Curious about where all of the growth is happening?  In terms of percentage of job growth Louisville, Kentucky topped the list with hiring increasing by 27.2% over 5 years.  They are followed by the greater Nashville, Tennessee area with a 27% increase and the Daytona Beach area of Florida with a 25.3% increase.  With regards to the actual number of jobs created Detroit, Michigan saw the largest increase with 37,500 new manufacturing jobs added in the 2011-2016 window.  They were followed by another Michigan city, Grand Rapids, which added 21,000 new jobs.  Third on the list is Nashville, TN with 18,300 new manufacturing jobs created.

Bostonians will watch anxiously to see if the trend can be reversed as many major corporations attempt to work with both local and national politicians on a plan forward.

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Hurco, Submarines, and the U.S. Navy

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Recently several Hurco employees were invited to a local function to meet the command staff of a newly commissioned Virginia Class Nuclear Submarine, for the U.S. Navy, the USS INDIANA…and, as it was written on the picture below, by the skipper of the Indiana, Commander Jesse Zimbauer, this submarine is “Hurco made”.

The reason CDR Zimbauer says that this next-generation attack submarine is “Hurco made”, is because Virginia class submarines are built under an arrangement between General Dynamics Electric Boat, and Newport News Shipbuilding in Newport News, VA. Both of these companies are Hurco customers, and have many Hurco machines in their shop.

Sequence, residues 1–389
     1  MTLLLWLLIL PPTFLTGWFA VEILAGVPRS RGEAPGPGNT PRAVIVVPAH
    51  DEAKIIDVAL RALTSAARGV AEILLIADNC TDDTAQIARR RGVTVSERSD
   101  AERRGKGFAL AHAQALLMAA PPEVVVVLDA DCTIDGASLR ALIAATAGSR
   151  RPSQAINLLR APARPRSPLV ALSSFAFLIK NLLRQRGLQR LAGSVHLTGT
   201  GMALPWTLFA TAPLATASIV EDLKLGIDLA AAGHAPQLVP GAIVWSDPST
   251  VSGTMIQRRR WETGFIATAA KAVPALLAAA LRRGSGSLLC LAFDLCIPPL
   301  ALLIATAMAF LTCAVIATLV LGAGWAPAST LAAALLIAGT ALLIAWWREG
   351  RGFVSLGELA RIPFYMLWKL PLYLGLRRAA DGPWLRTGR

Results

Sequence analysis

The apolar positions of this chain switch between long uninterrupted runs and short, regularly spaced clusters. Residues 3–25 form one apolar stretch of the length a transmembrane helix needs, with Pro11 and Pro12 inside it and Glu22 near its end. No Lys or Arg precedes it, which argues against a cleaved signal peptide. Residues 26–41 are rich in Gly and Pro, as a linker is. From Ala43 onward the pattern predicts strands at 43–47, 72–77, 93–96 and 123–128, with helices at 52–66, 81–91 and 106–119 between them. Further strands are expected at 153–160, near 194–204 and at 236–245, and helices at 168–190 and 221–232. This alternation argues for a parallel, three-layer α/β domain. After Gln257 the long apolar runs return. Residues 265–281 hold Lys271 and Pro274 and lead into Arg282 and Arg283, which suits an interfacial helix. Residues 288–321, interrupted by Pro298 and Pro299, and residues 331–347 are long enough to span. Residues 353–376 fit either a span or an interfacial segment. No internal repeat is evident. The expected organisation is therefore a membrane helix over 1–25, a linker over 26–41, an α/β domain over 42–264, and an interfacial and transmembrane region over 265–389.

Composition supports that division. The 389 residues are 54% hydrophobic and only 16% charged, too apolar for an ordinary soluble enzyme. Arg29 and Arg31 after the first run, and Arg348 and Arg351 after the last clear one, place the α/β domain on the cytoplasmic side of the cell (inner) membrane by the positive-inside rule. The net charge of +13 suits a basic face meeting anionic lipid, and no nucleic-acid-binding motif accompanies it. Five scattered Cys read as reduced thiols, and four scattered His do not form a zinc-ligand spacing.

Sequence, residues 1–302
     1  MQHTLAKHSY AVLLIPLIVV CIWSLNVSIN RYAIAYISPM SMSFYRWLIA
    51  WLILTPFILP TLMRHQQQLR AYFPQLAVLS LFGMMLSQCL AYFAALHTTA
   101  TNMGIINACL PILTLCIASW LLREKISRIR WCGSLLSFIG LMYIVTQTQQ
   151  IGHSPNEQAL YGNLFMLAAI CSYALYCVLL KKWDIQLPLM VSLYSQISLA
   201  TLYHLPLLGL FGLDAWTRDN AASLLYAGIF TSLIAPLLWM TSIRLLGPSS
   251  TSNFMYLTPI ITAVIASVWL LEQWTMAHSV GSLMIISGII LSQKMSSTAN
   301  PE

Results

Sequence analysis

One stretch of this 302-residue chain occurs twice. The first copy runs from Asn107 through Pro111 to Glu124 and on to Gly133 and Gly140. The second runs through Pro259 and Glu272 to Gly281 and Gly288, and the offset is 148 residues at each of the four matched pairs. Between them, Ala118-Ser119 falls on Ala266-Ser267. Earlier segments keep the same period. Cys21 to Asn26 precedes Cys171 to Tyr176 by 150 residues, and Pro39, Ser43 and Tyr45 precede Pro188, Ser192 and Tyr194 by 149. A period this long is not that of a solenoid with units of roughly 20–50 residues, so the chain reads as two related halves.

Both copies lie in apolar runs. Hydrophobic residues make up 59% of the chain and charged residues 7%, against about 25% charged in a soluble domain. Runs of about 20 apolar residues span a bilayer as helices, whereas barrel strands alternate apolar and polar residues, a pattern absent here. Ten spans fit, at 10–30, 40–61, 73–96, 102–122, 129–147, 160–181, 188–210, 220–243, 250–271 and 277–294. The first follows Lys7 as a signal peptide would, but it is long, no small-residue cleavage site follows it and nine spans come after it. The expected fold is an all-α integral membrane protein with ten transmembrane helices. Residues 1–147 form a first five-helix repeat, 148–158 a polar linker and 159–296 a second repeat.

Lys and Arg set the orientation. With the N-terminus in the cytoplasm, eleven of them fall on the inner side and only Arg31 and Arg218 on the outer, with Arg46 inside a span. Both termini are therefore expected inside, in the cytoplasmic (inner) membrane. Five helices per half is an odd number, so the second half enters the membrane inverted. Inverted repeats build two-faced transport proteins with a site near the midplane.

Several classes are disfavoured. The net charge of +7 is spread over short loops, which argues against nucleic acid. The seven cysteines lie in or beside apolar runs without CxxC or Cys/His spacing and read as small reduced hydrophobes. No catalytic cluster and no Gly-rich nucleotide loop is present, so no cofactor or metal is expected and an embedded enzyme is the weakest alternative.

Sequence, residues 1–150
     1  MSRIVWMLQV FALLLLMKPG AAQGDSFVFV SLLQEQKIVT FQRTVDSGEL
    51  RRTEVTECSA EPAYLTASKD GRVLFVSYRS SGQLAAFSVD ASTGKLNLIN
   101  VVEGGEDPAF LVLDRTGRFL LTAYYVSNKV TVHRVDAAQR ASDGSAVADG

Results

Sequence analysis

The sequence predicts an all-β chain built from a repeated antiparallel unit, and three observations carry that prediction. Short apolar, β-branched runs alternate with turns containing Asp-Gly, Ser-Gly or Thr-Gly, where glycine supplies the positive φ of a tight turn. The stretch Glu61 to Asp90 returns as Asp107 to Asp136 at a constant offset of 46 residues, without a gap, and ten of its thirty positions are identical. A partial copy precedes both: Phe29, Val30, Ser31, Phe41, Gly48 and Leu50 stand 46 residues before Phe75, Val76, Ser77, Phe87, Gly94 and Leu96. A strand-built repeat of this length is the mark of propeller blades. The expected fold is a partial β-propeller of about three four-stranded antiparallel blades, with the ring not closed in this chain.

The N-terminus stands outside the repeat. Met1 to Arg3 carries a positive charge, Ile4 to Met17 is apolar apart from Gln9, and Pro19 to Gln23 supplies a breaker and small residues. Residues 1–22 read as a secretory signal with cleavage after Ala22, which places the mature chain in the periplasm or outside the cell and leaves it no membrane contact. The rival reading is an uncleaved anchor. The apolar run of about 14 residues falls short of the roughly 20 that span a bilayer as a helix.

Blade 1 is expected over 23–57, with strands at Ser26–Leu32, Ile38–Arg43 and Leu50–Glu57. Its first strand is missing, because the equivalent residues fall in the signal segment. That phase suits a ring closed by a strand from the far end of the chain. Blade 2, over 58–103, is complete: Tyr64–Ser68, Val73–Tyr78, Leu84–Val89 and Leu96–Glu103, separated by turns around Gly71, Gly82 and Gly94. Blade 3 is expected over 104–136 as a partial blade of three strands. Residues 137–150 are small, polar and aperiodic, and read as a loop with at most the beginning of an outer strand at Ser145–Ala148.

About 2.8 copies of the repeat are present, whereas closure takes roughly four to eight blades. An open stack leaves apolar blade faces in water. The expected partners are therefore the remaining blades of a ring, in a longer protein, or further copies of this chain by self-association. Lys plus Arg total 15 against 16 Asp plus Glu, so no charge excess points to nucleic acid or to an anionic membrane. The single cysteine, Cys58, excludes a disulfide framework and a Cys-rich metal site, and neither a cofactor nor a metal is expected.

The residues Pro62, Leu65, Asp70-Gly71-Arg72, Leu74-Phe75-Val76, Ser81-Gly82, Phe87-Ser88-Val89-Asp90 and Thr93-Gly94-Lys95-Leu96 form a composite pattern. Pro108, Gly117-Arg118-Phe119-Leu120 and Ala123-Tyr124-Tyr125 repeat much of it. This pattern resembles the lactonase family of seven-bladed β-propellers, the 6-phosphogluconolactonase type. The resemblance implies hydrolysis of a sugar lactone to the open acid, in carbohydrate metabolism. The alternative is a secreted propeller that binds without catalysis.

With a length of 377 feet, a beam width of 34 feet, and weighing in at 7,800 tons, the USS INDIANA will be capable of steaming at more than 25 knots while submerged, and is designed with a reactor plant that will not require refueling for the next 32 years. The skipper stated that the USS INDIANA will be the most advanced warship in the world, and with the average age of the 135 man crew only 22-25 years old, the last couple of crews who will man this submarine “haven’t even been born yet”…something difficult to wrap your mind around!

Commander Zimbauer told us that the USS INDIANA will provide the US Navy with the capabilities required to maintain the nation’s underwater supremacy at sea. She will also provide the capability to attack shore based targets with highly accurate Tomahawk cruise missiles, and conduct covert long-term surveillance of any land areas, littoral waters, or other sea-based naval forces.

If you would like to learn more about the USS INDIANA, you can visit this link: http://www.ussindiana.org

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A Misconception of Manufacturing